PITTSBURGH—In the midst of the economic downturn, many of the trades programs at the Community College of Allegheny County have been operating at capacity. With no more space in the welding lab at the college’s West Hills center in Oakdale, administrators took the next step: Add time.
The result is a welding course of study throughout the spring semester—from 11 p.m. to 3 a.m., Monday to Thursday. Well, very early Friday morning, if anyone’s counting. The whole building will not be open during those hours, just the welding lab and classroom.
“The night shift is an option to expand welding offerings to new groups of students, including incumbent workers who may have worked the night shift, people who have childcare issues that would prevent them from taking classes during the day or those who are just night owls,” said Gretchen Mullin–Sawicki PhD, dean of academic affairs for CCAC North campus and West Hills center.
The center’s welding lab is currently at full capacity, with classes scheduled Monday through Saturday from 8 a.m. to 10 p.m.; West Hills is not open on Sundays. This lab is used by credit students as well as by industry leaders who take business and industry classes.
In the City of Bridges, welding is a high-demand field. In the 2008 Southwestern PA Manufacturing Industry Partnership Welding Outcomes Report, the International Association of Machinists and Steamfitters Local 449 reports that “there exists a shortage of welders throughout both industries, there will be significant retirements over the next few years, resulting in a shortage of skilled welders, and that it is difficult to attract people to the welding profession.”
The spring “midnight welding” course incorporates the same curriculum as CCAC’s other welding certificate courses. It comprises six separate classes from January 25 through June 21, including Welding Fundamentals, Advanced Welding, Blueprint Reading for Welders, Prep for Welding Certification, MIG & TIG Processes and Brazing and Welding. At the close of the course in June, learners will be prepared to sit for trades examinations to enter Local 449.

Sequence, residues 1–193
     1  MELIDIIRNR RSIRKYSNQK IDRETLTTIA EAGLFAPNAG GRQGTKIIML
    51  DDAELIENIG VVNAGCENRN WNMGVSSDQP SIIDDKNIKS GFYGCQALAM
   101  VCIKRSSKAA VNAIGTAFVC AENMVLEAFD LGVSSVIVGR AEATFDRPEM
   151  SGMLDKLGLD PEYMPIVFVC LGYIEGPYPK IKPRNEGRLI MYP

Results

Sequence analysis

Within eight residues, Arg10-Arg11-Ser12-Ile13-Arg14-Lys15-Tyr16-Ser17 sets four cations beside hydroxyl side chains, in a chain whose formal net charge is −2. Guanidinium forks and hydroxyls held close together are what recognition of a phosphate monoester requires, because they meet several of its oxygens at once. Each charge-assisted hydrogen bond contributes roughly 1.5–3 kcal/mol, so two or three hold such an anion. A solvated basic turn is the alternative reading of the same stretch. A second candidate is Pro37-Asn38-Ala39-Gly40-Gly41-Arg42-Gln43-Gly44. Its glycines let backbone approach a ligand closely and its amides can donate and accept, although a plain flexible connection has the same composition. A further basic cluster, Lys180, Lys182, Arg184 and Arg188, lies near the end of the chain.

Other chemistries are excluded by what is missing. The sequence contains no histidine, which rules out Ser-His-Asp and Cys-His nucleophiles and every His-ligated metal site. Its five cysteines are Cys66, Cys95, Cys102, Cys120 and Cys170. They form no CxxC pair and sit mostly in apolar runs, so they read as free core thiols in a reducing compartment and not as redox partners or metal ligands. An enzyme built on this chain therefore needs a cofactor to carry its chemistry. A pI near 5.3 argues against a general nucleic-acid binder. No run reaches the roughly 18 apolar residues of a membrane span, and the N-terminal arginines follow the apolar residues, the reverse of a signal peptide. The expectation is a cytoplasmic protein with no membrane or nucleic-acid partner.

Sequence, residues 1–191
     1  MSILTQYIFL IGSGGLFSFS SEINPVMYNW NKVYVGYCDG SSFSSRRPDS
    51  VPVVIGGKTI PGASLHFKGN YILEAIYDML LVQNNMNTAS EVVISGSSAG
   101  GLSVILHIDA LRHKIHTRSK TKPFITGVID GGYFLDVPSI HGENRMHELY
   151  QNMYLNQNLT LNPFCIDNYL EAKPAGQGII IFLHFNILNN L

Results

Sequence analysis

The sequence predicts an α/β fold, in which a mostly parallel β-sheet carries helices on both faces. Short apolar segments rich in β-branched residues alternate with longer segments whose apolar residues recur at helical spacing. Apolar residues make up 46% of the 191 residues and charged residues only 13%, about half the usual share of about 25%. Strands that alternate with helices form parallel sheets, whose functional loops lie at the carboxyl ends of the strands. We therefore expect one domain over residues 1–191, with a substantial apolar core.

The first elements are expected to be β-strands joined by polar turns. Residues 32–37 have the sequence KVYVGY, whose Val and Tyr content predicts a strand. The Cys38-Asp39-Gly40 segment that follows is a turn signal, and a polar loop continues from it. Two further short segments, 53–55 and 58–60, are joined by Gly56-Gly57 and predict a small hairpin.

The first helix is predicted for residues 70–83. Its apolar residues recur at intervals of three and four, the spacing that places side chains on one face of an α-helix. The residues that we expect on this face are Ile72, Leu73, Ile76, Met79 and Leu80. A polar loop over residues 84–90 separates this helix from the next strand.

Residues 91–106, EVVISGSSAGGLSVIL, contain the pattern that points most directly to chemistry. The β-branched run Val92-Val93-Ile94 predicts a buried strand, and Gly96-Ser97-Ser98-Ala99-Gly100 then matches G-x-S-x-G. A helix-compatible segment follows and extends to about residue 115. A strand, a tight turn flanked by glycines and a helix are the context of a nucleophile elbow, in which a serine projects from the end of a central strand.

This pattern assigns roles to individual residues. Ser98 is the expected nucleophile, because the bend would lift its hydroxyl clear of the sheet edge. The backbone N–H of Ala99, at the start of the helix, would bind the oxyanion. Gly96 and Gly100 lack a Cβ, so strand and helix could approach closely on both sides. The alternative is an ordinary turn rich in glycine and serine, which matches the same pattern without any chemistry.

CCAC will also offer a workforce fast-track welding class in the summer at more traditional hours.
The college is currently seeking an adjunct instructor to teach the late-night shift. Interested and qualified applicants should go to www.ccacjobs.com to submit an application.
The Community College of Allegheny County is the largest institution of postsecondary higher education in Pennsylvania. The college serves 30,000 credit students through 170 degree and certificate programs and offers thousands of lifelong learning non-credit and workforce development courses to 35,000 students annually. Incorporating a learning-centered environment committed to the future of the region, CCAC continues to expand its reach through innovative programming and accessible instruction offered via convenient day, evening, weekend and online courses. With four campuses and six centers serving Allegheny County and surrounding communities, CCAC endeavors to fulfill its mission to provide affordable access to quality education and offer a dynamic, diverse and supportive learning environment that prepares the region’s residents for academic, professional and personal success in our changing global society.